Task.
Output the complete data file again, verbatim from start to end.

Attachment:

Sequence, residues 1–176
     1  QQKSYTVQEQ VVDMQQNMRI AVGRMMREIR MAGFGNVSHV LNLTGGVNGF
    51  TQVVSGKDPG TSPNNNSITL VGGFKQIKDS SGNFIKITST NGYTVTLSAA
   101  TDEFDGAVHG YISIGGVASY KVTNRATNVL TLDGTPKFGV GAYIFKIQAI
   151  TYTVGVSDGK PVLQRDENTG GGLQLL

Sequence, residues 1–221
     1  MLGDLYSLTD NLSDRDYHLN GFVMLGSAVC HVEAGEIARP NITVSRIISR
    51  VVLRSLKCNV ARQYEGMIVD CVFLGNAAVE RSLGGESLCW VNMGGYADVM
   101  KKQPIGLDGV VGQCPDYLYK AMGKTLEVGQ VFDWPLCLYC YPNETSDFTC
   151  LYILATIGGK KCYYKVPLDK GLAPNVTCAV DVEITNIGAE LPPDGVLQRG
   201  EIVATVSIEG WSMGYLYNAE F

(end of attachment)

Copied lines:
Sequence, residues 1–176
     1  QQKSYTVQEQ VVDMQQNMRI AVGRMMREIR MAGFGNVSHV LNLTGGVNGF
    51  TQVVSGKDPG TSPNNNSITL VGGFKQIKDS SGNFIKITST NGYTVTLSAA
   101  TDEFDGAVHG YISIGGVASY KVTNRATNVL TLDGTPKFGV GAYIFKIQAI
   151  TYTVGVSDGK PVLQRDENTG GGLQLL

Sequence, residues 1–221
     1  MLGDLYSLTD NLSDRDYHLN GFVMLGSAVC HVEAGEIARP NITVSRIISR
    51  VVLRSLKCNV ARQYEGMIVD CVFLGNAAVE RSLGGESLCW VNMGGYADVM
   101  KKQPIGLDGV VGQCPDYLYK AMGKTLEVGQ VFDWPLCLYC YPNETSDFTC
   151  LYILATIGGK KCYYKVPLDK GLAPNVTCAV DVEITNIGAE LPPDGVLQRG
   201  EIVATVSIEG WSMGYLYNAE F